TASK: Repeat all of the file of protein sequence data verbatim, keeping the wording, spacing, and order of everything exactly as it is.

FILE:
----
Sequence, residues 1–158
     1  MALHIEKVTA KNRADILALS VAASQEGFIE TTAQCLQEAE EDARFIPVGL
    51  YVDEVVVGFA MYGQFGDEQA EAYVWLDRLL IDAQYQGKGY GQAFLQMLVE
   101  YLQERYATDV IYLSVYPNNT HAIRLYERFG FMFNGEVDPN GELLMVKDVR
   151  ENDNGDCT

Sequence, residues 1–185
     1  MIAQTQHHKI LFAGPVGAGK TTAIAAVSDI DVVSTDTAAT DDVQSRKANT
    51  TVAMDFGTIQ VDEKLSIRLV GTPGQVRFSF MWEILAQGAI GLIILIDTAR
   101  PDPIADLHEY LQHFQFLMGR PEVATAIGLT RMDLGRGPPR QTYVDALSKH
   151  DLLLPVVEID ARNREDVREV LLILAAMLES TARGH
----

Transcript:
Sequence, residues 1–158
     1  MALHIEKVTA KNRADILALS VAASQEGFIE TTAQCLQEAE EDARFIPVGL
    51  YVDEVVVGFA MYGQFGDEQA EAYVWLDRLL IDAQYQGKGY GQAFLQMLVE
   101  YLQERYATDV IYLSVYPNNT HAIRLYERFG FMFNGEVDPN GELLMVKDVR
   151  ENDNGDCT

Sequence, residues 1–185
     1  MIAQTQHHKI LFAGPVGAGK TTAIAAVSDI DVVSTDTAAT DDVQSRKANT
    51  TVAMDFGTIQ VDEKLSIRLV GTPGQVRFSF MWEILAQGAI GLIILIDTAR
   101  PDPIADLHEY LQHFQFLMGR PEVATAIGLT RMDLGRGPPR QTYVDALSKH
   151  DLLLPVVEID ARNREDVREV LLILAAMLES TARGH